The Republic of Užupis

  • Title: The Republic of Užupis
  • Author: Haïlji Bruce Fulton Ju-Chan Fulton
  • ISBN: 9781628970654
  • Page: 390
  • Format: Paperback
  • The Republic of U upis Uzupis on the other side of the river is in reality a neighborhood in Lithuania s capital city of Vilnius which took the peculiar step of declaring itself an independent republic in In this no
    Uzupis on the other side of the river is, in reality, a neighborhood in Lithuania s capital city of Vilnius, which took the peculiar step of declaring itself an independent republic in 1997 In this novel, however, it is the lost homeland of a middle aged man named Hal, who lands in Lithuania hoping to travel back to the town of his birth in order to bury his father s asUzupis on the other side of the river is, in reality, a neighborhood in Lithuania s capital city of Vilnius, which took the peculiar step of declaring itself an independent republic in 1997 In this novel, however, it is the lost homeland of a middle aged man named Hal, who lands in Lithuania hoping to travel back to the town of his birth in order to bury his father s ashes there in a place that might not really exist In a literary tradition dominated by social realism, The Republic of Uzupis is a unique work of melancholy, Murakami esque whimsy.

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      390 Haïlji Bruce Fulton Ju-Chan Fulton
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      Posted by:Haïlji Bruce Fulton Ju-Chan Fulton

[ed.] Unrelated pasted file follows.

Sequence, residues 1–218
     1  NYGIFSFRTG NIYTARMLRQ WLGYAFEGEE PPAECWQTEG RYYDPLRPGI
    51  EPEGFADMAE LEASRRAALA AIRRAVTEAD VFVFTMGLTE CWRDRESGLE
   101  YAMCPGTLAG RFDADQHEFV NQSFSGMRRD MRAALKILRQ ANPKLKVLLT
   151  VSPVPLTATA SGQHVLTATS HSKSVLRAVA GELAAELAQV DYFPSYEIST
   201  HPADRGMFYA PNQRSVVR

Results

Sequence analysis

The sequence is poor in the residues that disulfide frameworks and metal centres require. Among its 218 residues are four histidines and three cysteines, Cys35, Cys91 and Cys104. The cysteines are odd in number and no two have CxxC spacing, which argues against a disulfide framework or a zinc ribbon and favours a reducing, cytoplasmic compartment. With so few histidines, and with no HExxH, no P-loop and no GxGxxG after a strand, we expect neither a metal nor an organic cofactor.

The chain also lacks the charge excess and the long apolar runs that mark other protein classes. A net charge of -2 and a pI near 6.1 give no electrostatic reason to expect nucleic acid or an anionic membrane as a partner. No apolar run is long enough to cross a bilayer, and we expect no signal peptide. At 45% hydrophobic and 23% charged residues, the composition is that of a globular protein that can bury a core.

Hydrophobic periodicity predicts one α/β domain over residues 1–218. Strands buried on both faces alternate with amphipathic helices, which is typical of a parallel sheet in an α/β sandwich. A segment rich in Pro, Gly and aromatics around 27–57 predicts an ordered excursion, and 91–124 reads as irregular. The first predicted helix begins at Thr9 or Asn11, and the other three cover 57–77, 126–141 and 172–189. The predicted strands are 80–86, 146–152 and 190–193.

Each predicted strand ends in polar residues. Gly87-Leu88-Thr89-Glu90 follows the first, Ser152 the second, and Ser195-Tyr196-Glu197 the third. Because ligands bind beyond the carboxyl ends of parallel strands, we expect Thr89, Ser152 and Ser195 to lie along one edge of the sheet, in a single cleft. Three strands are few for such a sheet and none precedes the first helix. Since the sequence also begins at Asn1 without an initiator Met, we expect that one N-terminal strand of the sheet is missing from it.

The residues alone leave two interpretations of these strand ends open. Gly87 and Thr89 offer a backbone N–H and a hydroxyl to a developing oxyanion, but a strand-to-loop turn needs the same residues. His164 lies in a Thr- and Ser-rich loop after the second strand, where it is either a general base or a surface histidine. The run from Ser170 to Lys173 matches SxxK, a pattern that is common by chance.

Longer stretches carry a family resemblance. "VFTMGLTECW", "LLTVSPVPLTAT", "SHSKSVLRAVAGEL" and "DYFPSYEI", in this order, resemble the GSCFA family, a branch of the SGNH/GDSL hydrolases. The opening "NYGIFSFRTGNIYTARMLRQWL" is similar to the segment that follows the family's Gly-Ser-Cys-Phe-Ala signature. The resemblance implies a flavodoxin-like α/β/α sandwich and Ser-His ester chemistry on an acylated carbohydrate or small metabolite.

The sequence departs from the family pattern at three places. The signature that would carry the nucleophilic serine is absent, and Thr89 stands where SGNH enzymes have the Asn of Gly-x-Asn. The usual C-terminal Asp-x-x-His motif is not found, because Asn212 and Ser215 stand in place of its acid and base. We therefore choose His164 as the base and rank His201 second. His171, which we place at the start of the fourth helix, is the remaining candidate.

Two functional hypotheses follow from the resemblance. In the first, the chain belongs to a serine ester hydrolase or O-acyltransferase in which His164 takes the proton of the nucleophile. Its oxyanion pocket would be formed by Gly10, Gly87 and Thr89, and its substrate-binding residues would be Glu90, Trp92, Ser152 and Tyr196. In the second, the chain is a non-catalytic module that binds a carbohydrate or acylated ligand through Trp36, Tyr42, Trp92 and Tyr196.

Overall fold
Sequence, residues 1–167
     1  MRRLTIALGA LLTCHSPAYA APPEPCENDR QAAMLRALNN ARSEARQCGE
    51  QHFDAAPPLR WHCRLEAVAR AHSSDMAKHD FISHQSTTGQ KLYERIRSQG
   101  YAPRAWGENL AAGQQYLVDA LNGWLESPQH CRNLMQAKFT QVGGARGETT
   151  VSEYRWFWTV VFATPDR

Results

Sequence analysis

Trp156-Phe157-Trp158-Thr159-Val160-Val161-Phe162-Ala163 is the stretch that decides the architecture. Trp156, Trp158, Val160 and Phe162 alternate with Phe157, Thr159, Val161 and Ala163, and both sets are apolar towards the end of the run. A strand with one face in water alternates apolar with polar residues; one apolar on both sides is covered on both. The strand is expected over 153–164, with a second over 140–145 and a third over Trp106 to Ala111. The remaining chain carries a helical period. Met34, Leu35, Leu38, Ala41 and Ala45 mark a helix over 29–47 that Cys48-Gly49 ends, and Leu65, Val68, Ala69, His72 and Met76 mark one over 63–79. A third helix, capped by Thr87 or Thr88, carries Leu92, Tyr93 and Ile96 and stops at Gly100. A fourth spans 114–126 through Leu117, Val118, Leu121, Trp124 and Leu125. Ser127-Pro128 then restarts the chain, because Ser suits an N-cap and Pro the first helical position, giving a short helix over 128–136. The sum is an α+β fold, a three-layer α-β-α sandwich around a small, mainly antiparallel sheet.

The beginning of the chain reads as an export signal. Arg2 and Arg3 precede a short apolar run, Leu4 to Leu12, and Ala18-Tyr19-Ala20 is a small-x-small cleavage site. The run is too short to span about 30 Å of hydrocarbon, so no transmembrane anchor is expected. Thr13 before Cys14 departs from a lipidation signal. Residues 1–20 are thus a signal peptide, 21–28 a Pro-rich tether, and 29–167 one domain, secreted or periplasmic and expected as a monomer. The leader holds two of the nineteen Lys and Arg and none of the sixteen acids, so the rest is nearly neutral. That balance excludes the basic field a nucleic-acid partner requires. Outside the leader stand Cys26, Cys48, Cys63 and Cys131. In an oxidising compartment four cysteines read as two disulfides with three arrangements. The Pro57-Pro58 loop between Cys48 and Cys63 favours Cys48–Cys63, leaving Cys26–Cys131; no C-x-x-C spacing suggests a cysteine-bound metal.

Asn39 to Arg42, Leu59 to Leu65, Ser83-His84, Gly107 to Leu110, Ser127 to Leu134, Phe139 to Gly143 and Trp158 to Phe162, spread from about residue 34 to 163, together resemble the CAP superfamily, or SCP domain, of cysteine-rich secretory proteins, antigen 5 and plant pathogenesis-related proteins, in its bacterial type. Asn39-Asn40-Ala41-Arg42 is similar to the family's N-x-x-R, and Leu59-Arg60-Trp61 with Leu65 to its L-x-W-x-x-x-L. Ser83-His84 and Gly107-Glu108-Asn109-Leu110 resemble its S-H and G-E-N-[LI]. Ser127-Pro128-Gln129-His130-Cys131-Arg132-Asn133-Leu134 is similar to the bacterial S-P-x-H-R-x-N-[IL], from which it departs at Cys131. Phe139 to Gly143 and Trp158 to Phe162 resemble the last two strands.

Published :2019-07-02T23:38:54+00:00

    About Haïlji Bruce Fulton Ju-Chan Fulton


    1. Ha lji studied creative writing at Chung ang University in Seoul and earned a doctoral degree in France Currently he is a professor at Dongduk Women s University He has written than ten novels in Korean, as well as poetry in English and French, including Blue Meditation of the Clocks.


    346 Comments


    1. I love reading books from non-English speaking countries because it’s the best (and cheapest) way of getting to know new and unfamiliar cultures and to experience the world through different eyes.With that in mind, it might seem odd that my first foray into a book translated from the Korean language wasn’t actually set in Korea: instead Haïlji’s The Republic of Užupis, which is part of the Library of Korean Literature series — a joint venture between the Dalkey Archive Press and the Li [...]

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    2. Haïlji's The Republic of Užupis (translated by Bruce and Ju-Chan Fulton) is a wonderful addition to my burgeoning K-Lit library, a novel much more experimental and western-influenced than most of what I've read before. The novel begins with an Asian man arriving in Lithuania, attempting to get past the rather tall guards at immigration. When asked if he plans to stay long in the country, his reply is rather unusual - he intends to depart within a day or so, as soon as he has worked out how to [...]

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    3. "The black and white postcard showed a lake surrounding an ancient castle, from the steeple of which flew the flag of the Republic of Užupis. The grand castle was built of marble, and it rose against the backdrop of a snow-covered alpine range. Hal failed to notice it was the same postcard he had seen last night at the apartment of Jurgita in Vilnius."우주피스 공화국 by 하일지 (Ha Il-ji) has been translated into English as The Republic of Užupis by the prolific, and praiseworthy, Ful [...]

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    4. On a freezing, snow-blowing, wind-howling, in other words typical Baltic winter night, a diffident seeming Asian man walks off a plane into Vilnius airport. From a country identified as Han, he has no visa for Lithuania, so is taken out of the passport queue to be interviewed. There he explains that he will not be remaining long in Lithuania as he is travelling to the Republic of Užupis, a statement which causes no end of merriment and confusion for the Border Police and most of the people from [...]